## Find a copy online

### Links to this item

Alberta Government Library Access (Unlimited Concurrent Users) from EBSCO Academic Collection

ebookcentral.proquest.com View Full Text

## Find a copy in the library

Finding libraries that hold this item...

## Details

Genre/Form: | Electronic books |
---|---|

Additional Physical Format: | Print version: Epperson, Michael. Foundations of relational realism. Lanham : Lexington Books, 2013 (DLC) 2013010287 (OCoLC)828884600 |

Material Type: | Document, Internet resource |

Document Type: | Internet Resource, Computer File |

All Authors / Contributors: |
Michael Epperson; Elias Zafiris |

ISBN: | 9780739180334 0739180339 |

OCLC Number: | 852158818 |

Description: | 1 online resource |

Contents: | Preface Part I: Philosophical Foundations of Quantum Relational Realism Chapter 1: Introduction: Relational Realism: A Program in Speculative Philosophy Chapter 2: Substance and Logic in Quantum Mechanics Chapter 3: Predication in Quantum Mechanics Chapter 4: Logical Causality in Quantum Mechanics: A Relational Realist Ontology Chapter 5: Integrating Logical Relation and Extensive Relation: Mereotopology and Quantum Mechanics Interlude: Part II: Mathematical Foundations of Quantum Relational Realism Chapter 6: Notion of Localization Processes Chapter 7: Sheaves of Germs: The Topological Case Chapter 8: Sheaves of Boolean Germs: The Quantum Topological Case Chapter 9: Functorial Entanglement and Logical Classification Chapter 10: Quantum Localization in a Broader Conceptual Perspective Chapter 11: Recapitulation: A Semantic Bridge Between Process Metaphysics and Quantum Theory via Sheaves Bibliography Index About the Authors |

Responsibility: | Michael Epperson and Elias Zafiris. |

### Abstract:

## Reviews

*Editorial reviews*

Publisher Synopsis

One of the driving contentions in modern physics has been the inability to reconcile the dominance of classical thought in the theory of relativity with the indeterminate nature of quantum mechanics. Some would argue that one such attempt at a compromise had arrived in the form of quantum field theories, with multiple ideas for resolving the asymmetrical features between relativity and ordinary quantum mechanics. Here, Epperson and Zafiris (both, California State Univ., Sacramento) decide to return to ordinary quantum mechanics and propose sheaf theory, a theory that grew out of the abstract algebra of topology and set theory, as a solution to the stubborn paradoxes found in quantization attempts. They then compare the theory's interpretive value to the category scheme found in Whitehead's Process and Reality (1929). Epperson's earlier work, Quantum Mechanics and the Philosophy of Alfred North Whitehead (2004), is a good predecessor to the current book. The authors begin with the famous 1935 paper on quantum theory and reality by Einstein, Podolsky, and Rosen... Part of the 'Contemporary Whitehead Studies' series. Summing Up: Recommended. Graduate students and researchers/faculty. CHOICE [Foundations of Relational Realism] contributes to a body of literature which seeks to apply sheaf theory (and in many cases, topos theory in particular) to the discussion of quantum non-locality. Particularly noteworthy are the research programs initiated by Butterfield and Isham, Doering and Isham, and Landsman et al., respectively, which seek (modulo subtle differences) to develop a sheaf-theoretic account of quantum mechanics, as well as recent work by Abramsky et al. which brings various types of quantum nonlocality and contextuality under a sheaf-theoretic rubric (but without absorbing the entire structure of quantum mechanics). Metascience A startling development in the last century has been the overflowing of theoretical and observational sciences into the fields of philosophy, particularly by quantum mechanics and cosmology. The present book is twice valuable on this fascinating subject in my opinion: on one hand for its clear and lucid exposition and application of Whitehead's ontology as a most attractive framework for this kind of query, and on the other hand, for its extension of the dialectics of ontology through an original use of advanced concepts from modern mathematics. -- Roland Omnes, University of Paris XI This is a unique book in its scope, approach and method. A novel physical and philosophical interpretation of sheaf theory sheds new light on the quantum measurement problem, entanglement, locality and truth. A new systematic and rigorous relational realistic paradigm for natural philosophy has emerged, rooted on the same principles with Abstract (Modern) Differential Geometry that transmutes the above into a fully fledged dynamical theory. -- Anastasios Mallios, University of Athens Read more...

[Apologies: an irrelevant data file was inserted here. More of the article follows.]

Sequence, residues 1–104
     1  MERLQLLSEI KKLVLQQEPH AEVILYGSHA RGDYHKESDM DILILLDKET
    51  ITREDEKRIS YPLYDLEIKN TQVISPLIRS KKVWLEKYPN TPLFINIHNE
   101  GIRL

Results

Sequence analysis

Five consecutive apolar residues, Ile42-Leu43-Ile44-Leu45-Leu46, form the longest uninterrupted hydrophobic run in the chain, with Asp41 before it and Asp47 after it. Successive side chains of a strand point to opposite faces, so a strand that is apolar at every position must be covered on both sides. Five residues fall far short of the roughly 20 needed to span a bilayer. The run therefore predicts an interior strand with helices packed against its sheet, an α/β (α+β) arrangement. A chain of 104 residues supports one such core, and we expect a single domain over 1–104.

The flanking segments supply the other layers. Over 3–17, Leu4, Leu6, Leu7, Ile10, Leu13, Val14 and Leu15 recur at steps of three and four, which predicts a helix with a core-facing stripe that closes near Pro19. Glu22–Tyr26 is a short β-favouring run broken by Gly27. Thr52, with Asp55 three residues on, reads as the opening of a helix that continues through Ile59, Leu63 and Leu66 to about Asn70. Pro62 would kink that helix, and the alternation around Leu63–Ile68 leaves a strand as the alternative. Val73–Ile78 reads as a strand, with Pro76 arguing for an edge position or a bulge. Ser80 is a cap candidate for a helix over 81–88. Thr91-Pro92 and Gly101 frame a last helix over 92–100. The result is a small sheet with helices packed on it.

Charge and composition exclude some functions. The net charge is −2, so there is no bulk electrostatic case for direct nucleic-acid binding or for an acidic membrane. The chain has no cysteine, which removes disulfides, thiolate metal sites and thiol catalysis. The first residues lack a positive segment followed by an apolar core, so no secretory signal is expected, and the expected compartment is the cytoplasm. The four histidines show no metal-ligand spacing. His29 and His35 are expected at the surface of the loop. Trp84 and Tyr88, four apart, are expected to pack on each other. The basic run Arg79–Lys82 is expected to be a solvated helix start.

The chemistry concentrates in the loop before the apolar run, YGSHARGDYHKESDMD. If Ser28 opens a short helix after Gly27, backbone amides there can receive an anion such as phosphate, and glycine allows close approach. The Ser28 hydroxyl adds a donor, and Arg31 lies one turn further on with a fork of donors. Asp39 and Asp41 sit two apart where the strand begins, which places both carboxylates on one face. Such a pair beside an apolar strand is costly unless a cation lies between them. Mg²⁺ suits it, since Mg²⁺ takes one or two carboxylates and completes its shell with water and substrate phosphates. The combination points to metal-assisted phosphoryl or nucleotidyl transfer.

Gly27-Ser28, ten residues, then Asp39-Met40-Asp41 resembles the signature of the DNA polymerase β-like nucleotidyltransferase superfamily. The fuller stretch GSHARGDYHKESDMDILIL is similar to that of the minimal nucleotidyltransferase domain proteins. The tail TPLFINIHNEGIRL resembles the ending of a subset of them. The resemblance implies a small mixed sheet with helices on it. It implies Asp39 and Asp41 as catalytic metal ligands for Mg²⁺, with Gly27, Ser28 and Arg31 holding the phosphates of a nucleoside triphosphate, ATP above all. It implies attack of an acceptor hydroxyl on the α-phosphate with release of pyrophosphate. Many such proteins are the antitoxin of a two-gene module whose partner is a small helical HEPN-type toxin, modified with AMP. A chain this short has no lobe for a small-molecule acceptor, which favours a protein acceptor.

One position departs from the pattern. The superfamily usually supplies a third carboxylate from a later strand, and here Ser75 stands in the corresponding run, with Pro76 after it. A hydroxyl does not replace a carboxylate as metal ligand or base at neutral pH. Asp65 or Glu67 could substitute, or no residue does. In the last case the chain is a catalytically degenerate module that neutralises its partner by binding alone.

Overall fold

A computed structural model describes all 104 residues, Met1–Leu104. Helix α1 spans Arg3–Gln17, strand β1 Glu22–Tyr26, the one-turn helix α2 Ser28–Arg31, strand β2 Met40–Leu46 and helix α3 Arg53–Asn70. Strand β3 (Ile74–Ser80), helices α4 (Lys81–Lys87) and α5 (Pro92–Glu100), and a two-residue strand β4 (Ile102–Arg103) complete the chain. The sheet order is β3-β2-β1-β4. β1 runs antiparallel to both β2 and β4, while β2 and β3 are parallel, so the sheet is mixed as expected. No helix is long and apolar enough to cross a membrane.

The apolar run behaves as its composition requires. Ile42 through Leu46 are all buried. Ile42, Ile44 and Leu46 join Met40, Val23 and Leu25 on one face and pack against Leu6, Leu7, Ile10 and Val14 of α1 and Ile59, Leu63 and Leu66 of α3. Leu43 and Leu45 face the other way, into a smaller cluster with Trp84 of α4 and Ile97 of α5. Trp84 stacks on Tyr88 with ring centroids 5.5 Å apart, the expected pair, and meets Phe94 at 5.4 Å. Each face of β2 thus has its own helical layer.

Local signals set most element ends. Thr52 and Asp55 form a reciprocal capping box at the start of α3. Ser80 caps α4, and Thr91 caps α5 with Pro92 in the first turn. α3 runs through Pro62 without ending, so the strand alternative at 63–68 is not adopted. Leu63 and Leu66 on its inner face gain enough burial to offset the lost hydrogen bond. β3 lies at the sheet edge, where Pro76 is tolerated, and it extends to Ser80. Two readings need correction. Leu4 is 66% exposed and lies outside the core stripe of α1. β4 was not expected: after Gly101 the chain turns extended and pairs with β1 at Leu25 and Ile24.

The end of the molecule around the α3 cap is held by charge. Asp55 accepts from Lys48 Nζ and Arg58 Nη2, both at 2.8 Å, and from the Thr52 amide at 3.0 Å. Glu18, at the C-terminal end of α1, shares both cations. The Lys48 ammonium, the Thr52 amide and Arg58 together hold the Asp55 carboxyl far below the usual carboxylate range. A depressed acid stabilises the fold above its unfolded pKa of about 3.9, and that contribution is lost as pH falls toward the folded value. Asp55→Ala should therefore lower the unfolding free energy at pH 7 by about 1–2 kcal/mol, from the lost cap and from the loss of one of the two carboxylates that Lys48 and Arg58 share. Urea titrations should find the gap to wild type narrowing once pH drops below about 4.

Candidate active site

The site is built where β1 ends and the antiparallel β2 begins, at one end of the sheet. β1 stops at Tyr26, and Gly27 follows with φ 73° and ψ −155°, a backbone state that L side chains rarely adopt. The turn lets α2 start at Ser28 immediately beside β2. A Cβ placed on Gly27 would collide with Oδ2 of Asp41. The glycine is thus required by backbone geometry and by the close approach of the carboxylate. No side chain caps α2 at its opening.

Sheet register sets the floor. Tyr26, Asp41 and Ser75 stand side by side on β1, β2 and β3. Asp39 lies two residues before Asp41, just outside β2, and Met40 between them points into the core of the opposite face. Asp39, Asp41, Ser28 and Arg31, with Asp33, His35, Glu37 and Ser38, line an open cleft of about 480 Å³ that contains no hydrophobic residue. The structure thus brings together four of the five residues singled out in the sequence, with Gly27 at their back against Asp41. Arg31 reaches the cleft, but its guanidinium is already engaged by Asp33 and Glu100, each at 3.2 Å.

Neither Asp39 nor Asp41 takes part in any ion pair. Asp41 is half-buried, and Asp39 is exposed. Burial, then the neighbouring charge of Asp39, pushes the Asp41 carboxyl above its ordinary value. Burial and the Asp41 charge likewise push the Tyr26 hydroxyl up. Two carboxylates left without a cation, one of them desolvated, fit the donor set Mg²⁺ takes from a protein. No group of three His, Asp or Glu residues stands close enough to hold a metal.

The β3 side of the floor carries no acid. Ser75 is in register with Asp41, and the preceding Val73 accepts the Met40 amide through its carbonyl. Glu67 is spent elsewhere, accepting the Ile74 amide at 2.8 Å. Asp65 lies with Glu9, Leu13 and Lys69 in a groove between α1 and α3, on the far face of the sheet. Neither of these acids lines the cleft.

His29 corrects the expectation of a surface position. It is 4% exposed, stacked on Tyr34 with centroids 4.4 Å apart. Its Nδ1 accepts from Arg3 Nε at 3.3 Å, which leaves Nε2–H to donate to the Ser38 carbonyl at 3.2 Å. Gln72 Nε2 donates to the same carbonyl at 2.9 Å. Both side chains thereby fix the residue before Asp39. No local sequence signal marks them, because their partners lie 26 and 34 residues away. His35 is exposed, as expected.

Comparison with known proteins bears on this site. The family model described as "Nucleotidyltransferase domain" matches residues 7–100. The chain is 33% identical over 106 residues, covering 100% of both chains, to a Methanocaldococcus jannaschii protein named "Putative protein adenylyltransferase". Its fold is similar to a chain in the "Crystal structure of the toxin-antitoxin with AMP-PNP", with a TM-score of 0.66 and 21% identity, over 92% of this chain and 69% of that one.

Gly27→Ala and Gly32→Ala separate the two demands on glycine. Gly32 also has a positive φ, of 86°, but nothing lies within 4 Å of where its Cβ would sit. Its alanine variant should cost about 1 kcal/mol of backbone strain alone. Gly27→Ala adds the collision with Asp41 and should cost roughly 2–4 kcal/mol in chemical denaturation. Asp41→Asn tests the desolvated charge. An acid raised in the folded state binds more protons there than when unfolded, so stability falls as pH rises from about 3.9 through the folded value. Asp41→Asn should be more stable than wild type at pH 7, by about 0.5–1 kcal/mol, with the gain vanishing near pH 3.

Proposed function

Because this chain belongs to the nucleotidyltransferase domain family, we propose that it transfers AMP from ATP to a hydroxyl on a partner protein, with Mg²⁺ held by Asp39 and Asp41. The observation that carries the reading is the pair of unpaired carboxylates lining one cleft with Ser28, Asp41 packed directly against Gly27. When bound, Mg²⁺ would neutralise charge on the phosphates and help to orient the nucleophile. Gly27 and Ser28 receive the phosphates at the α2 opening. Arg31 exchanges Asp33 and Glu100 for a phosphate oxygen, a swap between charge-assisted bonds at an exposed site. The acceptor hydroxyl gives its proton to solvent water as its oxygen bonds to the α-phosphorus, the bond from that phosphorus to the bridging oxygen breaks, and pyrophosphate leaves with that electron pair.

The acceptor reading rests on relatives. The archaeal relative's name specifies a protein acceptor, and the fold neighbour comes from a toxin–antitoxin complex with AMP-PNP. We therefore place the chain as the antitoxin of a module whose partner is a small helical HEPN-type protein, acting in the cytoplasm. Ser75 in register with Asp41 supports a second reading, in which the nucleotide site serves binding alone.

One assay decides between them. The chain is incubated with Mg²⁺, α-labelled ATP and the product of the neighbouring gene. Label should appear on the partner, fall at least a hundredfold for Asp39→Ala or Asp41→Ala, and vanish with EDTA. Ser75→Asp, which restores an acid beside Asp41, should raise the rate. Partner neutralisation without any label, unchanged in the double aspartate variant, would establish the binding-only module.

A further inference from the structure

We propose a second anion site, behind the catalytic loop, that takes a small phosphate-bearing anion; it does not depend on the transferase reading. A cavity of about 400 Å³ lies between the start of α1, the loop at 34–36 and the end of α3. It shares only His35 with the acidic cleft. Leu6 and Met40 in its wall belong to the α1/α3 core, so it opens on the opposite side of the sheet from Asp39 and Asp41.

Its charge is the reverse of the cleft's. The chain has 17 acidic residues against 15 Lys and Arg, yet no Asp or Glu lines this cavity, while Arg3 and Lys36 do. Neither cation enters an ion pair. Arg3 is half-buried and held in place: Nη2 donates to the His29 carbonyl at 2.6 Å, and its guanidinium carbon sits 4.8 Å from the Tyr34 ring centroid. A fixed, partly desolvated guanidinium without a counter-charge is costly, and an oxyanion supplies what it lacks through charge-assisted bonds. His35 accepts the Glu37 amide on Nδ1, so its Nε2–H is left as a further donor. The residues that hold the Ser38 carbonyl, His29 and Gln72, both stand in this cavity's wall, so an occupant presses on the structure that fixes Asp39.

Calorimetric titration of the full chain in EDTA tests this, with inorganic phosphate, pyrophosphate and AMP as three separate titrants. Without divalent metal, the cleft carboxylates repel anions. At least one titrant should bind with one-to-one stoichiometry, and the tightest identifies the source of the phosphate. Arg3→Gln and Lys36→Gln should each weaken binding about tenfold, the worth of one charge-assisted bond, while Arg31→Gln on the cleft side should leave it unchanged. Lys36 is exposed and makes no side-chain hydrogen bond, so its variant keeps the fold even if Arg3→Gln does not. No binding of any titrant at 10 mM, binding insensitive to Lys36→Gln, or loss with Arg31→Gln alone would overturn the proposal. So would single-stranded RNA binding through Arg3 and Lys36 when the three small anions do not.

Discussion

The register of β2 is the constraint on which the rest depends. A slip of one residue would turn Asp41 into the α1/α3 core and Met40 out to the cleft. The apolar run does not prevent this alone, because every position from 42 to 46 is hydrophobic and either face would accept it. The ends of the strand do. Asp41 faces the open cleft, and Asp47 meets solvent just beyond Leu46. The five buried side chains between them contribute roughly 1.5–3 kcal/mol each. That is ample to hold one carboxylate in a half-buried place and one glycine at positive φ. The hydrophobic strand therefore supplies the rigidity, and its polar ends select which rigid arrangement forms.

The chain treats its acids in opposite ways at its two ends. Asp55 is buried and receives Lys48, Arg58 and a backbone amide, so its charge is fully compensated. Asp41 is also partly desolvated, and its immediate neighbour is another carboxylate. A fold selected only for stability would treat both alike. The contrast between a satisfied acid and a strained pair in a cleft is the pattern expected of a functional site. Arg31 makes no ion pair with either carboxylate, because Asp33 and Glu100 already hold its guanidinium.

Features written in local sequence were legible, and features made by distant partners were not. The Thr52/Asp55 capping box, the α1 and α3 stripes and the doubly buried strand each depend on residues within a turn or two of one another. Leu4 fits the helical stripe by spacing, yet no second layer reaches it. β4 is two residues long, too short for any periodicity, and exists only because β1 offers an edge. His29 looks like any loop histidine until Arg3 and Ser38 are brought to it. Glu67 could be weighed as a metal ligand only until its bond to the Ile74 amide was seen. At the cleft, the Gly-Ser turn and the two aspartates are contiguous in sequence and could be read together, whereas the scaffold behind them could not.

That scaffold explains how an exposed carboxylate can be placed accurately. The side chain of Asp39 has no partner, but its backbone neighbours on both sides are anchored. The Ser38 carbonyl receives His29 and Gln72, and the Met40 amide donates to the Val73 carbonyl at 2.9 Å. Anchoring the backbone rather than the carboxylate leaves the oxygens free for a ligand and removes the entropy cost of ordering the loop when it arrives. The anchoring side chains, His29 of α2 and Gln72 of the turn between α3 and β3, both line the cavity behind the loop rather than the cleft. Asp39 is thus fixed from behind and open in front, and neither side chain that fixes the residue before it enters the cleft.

*User-contributed reviews*